Dvorak

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iPad Reflections

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Before leaving home for L.A., I took possession of a new iPad. I knew I'd be carrying my computer with me wherever I went, and the MacBook Pro can get heavy after a while. I should clarify that when I'm in L.A., I invariably walk everywhere, only taking the public transport when I have to travel longer distances. It's not unusual for me to walk 4 to 5 miles in a single day while I'm here. Needless to say, my waist is getting smaller :-)

So, I brought the iPad with me. Right from the beginning, it has been a great help to me, especially allowing me to communicate with others when I couldn't speak (I can speak now btw). It's small, light, and the display is great. I have no idea how the PC companies are going to beat it except perhaps in I.T. and geek communities where access to everything under the hood is preferred.

It does have its flaws however.

Typing is difficult to get used to. You cannot rest your hands downward between taps because every contact with the screen types another character. It's also difficult to keep your hands in the right place positionally when you're typing. With a physical keyboard, you're calibrating your hand positions every time you press a key. It happens automatically. It's not possible with a meta-physical keyboard though.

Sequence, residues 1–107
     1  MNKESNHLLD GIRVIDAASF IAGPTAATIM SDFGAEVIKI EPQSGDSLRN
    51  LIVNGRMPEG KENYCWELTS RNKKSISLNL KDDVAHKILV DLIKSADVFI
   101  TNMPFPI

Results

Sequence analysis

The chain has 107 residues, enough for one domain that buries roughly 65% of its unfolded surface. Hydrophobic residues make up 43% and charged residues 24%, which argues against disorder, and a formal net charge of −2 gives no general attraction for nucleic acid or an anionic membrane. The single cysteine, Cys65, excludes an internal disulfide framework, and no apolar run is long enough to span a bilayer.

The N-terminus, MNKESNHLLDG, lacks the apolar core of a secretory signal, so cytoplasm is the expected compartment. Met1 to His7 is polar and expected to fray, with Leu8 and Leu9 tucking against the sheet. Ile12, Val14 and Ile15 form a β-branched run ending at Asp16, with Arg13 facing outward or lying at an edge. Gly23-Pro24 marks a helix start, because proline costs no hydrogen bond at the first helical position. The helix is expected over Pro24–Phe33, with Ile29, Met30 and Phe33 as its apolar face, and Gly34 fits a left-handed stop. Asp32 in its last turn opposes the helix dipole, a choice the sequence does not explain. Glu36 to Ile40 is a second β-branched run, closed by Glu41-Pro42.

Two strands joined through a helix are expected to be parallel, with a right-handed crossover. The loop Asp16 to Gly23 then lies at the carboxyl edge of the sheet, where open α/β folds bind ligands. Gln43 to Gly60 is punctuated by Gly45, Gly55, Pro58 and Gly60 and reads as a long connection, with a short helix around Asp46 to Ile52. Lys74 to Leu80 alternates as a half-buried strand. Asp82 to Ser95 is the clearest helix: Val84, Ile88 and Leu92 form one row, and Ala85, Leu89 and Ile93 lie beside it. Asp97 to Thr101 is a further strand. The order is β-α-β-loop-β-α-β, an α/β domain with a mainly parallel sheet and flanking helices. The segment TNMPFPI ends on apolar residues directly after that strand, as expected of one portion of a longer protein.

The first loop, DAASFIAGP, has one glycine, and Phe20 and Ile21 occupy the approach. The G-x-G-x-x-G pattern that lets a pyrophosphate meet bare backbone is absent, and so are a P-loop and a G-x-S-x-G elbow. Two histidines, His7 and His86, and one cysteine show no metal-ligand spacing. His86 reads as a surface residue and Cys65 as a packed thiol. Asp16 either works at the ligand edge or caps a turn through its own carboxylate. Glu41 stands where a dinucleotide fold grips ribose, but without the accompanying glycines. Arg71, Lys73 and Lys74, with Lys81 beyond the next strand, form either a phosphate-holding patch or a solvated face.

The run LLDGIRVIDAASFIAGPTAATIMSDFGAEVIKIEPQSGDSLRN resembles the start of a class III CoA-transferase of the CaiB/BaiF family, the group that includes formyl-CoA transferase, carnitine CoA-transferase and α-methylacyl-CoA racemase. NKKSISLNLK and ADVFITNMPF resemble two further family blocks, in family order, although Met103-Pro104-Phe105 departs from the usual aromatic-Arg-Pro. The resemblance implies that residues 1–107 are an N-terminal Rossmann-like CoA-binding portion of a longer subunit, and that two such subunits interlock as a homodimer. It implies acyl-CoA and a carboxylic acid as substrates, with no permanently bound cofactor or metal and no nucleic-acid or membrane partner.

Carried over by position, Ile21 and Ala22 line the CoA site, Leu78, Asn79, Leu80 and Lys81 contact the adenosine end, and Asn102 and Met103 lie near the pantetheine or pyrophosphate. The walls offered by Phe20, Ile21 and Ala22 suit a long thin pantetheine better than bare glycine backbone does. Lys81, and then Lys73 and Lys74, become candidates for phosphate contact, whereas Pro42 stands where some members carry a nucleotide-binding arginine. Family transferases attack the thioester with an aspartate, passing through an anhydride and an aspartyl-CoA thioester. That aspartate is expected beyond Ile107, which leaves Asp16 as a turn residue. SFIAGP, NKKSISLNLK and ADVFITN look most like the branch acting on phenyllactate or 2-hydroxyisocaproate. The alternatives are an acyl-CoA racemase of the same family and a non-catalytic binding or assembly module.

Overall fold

To make things more difficult, I usually type using the Dvorak keyboard layout, and Apple has not provided that layout on the iPad. I hope it arrives with iOS 4.

Speaking of omissions in the current iPad OS, there's no Traditional Chinese on the iPad. Ouch! Hopefully, we'll see it with iOS 4 too.

And if you're a touch typist, the iPad might not be able to sense your fingers on the 'keyboard' when you're typing very quickly.

But all of those problems aren't overly difficult to deal with. There is one problem however that is potentially very serious. Ergonomically, the iPad is a nightmare.

The ideal posture for someone on a computer is to sit with the screen just below their horizontal line of sight, and with the keyboard lower than the wrists which are in turn lower than the elbows. That's not possible when the screen and keyboard are one and the same. The result is significant back strain and pain if you type for any length of time. I spent 4 hours today editing and updating my web site and I can certainly feel the pain in my back.

The solution is an external keyboard. The iPad supports Bluetooth keyboards, so I'm going to have to get one soon. Another advantage of having an external keyboard is that I'll be able to use the Dvorak layout again, because while the iPad doesn't provide a Dvorak meta-physical keyboard, it does support the Dvorak mapping on external keyboards. And incidentally, when using an external keyboard, you get to see all of the screen rather than just half.

There is one disadvantage to using an external keyboard though. The iPad by its very nature is interactive. If you have the iPad in front of you and the keyboard near or on your knees, the distance between the keyboard and the iPad will be a long way to move your hands every time you need to interact directly with the iPad. Oh well. You can't win them all.

Last note. Trying to edit a web site on the iPad is extremely challenging. None of the code editors available for the iPad are even close to being capable and useful editors, unless you're someone who can code with one eye closed. CSS and HTML editors on the iPad have a long way to go. If only we had something like Espresso on the iPad.

I need to stop now so my back can relax.

Take care all.